WE WILL ADMIT to a flicker or two of hope in the 15th round Wednesday night. There was a sudden flash of the old brilliance - the quickness, power and cunning that had twice gained for Muhammed Ali the heavyweight championship of the world. But it was gone as quickly as it had come. Youth reasserted itself, and Ali was just another beaten and battered fighter hanging in until the final bell.

Like most professional athletes, Ali could not bring himself to quit when his reflexes began to slow and his stamina to dwindle. He still may not be willing to bow out, given the dollars that roll in when he fights.

But he went to the well once too often, as they say, and Leon Spinks, a young and inexperienced boxer who had idolized Ali in earlier years, was the beneficiary. It was a disservice to both men that the officials were not unanimous in their verdict. Ali, we suspect, would be the last boxer to welcome the kind of sentimentality that made it a split decision.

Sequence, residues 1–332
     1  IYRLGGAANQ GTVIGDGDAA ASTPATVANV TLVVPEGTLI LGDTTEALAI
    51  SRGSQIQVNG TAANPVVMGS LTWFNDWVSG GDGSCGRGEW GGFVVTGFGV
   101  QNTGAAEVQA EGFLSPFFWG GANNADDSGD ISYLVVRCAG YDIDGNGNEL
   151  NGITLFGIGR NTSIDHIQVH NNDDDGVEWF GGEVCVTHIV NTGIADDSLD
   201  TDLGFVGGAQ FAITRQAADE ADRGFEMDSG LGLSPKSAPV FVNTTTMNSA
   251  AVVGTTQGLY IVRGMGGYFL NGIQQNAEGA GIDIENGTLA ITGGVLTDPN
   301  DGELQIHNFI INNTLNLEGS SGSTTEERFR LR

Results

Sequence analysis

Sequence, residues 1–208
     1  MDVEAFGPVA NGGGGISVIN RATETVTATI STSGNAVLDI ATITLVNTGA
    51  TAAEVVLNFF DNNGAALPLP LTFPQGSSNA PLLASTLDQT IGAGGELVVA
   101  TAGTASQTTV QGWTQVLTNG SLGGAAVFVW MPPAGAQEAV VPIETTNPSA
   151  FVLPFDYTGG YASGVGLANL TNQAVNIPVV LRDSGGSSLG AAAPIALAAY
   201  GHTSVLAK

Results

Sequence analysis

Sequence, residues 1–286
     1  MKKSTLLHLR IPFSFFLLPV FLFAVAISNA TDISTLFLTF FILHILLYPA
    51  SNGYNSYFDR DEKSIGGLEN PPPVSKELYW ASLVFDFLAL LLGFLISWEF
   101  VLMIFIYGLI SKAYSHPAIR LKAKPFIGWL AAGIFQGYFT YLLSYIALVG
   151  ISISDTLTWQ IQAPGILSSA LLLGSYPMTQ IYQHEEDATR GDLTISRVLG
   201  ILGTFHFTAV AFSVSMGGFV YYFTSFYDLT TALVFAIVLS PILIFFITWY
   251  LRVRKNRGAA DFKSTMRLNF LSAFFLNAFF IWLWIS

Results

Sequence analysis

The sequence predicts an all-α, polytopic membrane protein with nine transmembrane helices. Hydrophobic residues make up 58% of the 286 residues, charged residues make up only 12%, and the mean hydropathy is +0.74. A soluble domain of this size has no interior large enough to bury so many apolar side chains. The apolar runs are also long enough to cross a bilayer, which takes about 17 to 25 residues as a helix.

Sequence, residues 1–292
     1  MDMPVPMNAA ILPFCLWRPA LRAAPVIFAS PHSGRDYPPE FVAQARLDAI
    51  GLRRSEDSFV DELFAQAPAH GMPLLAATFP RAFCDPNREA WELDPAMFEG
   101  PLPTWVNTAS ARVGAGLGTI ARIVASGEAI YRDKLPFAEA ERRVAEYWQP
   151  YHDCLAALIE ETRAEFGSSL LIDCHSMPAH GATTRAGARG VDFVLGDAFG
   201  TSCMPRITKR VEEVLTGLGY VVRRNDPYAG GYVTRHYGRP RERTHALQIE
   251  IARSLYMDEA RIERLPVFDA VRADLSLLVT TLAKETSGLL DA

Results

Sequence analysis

Professional boxing is hardly our favorite sport. But we concede that Ali brought to it something it has almost always lacked. He has a special kind of class. Intelligent, witty, arrogant, a fellow of remarkable physical attributes, with an acute sense of theater - all this helped win him international fame and helped give boxing something approaching a good name. Ali, at his prime, may well have been the finest athlete of the last half-century. He certainly was one of the most canny. But no 36-year-old physique can stand off indefinitely the wear and tear inflicted on those who fight for a living in a ring. Never mind the nature of professional boxing; it is sad to see that the butterfly has slowed down - and the bee has lost his sting.